Reflections on What it means to be human and A shared humanity.

Read What it Means to be Human and A Shared Humanity, two students’ reflections on their International Volunteer placement.
Both readings are in N. J. Benham Rennick & M. Desjardins (Eds.), The world is my classroom: International learning and Canadian higher education. Toronto: University of Toronto Press.
What it Means to be Human: Pages 85-87.
A Shared Humanity: Pages 87-90.
Once you’ve read the reflections, complete the following task:
a) First, simply describe your reactions (please remember that you can express your opinions as freely and openly as you wish, as long as they are respectfully presented).
How did you feel while reading them? Allow yourself to react and to experience the emotions that immediately come after having read the narratives.
b) Second, using the following questions as a guide, reflect on these narratives (note: you are not required to address all the questions below – select one or two to focus on).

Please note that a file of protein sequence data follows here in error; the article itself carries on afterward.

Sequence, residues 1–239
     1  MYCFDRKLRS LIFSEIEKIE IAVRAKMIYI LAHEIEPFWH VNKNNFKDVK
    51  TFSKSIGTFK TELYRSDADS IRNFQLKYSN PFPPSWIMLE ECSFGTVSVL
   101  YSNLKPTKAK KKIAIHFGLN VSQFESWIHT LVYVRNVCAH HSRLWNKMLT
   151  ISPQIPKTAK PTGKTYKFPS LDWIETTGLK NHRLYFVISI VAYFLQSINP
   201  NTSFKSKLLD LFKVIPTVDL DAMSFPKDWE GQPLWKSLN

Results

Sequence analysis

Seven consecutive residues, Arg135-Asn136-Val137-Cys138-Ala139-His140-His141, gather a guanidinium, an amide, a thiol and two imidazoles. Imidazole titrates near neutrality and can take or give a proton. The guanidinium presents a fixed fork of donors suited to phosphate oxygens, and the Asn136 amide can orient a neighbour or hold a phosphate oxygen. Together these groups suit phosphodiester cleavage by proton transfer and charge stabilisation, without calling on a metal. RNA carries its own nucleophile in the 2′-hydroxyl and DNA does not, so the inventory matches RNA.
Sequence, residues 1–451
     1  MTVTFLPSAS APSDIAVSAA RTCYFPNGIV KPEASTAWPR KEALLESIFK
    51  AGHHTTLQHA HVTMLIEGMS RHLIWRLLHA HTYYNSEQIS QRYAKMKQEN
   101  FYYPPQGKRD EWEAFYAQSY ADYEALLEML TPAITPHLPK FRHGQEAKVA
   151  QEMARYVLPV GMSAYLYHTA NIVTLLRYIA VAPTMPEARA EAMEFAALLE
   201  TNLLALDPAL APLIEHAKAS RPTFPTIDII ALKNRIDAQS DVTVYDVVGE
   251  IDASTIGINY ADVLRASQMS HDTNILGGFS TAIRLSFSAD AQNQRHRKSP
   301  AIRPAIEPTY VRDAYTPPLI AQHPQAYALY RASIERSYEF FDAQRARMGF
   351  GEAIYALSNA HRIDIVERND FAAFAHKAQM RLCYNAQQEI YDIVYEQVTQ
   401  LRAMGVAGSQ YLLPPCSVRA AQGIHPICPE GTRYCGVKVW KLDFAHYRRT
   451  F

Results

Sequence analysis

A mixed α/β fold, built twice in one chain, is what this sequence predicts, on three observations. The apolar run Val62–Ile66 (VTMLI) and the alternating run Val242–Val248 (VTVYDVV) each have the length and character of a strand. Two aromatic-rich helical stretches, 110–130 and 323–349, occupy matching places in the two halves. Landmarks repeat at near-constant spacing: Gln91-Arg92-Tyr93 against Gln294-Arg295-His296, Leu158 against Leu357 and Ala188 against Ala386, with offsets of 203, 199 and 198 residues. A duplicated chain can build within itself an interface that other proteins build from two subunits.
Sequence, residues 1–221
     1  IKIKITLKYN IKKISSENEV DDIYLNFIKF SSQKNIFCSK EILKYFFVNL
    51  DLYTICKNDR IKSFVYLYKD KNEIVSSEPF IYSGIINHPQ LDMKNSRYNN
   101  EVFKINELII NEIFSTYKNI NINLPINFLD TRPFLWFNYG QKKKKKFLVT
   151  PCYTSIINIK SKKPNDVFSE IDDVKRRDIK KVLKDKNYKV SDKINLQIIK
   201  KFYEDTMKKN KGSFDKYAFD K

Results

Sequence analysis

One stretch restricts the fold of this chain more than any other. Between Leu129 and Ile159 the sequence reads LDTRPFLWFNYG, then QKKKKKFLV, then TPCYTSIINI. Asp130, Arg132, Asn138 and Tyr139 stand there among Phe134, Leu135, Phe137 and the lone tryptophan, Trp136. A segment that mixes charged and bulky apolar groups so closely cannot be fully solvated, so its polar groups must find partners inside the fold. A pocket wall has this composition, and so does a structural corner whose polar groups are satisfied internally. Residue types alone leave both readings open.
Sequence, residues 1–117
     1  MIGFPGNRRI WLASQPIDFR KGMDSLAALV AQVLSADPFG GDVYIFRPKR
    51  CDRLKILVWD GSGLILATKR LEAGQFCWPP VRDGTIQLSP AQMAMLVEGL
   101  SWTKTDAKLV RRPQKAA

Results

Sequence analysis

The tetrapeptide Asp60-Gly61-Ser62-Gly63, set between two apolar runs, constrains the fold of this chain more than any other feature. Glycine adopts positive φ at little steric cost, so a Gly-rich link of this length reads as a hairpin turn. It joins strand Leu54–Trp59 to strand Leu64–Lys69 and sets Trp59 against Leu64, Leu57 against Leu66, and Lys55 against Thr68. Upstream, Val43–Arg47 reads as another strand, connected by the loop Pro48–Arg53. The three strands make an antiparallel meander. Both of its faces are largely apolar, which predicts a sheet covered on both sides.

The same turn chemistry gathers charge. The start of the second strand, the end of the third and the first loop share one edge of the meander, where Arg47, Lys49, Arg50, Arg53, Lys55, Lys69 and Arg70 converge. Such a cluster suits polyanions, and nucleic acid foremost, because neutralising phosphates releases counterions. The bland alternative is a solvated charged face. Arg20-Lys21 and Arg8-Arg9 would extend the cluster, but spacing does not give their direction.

1. In these narratives, the students’ assumptions, expectations and beliefs were challenged. Try to put yourself in the situations described in the narrative – would your assumptions, expectations and beliefs also be challenged? If so, which ones, and how?
2. What assumptions, values or expectations might you bring to an international placement that you would be encouraged to reconsider?
3. How do you think these experiences changed the students who experienced them?
4. How might an international placement change the way you view the world?
5. Do you think international volunteer placement would take you out of your “comfort zone”? How might you adjust?
Once you have answered these questions, watch students describe the value of their international learning experience here: https://www.youtube.com/watch?v=E89cV5Raqe8. One of these students is Clara Yoon, whose story you read. The two main presenters, Drs. Benham Rennick and Desjardins, are the editors of the book from which the student stories you read were taken. This video captures a presentation given at Laurier’s Integrated and Engaged Learning Conference in May 2014. Watch the segment from minute 9:00 through 19:30.
Now that you’ve watched this video, reflect again on the answers you prepared. Would you change anything?

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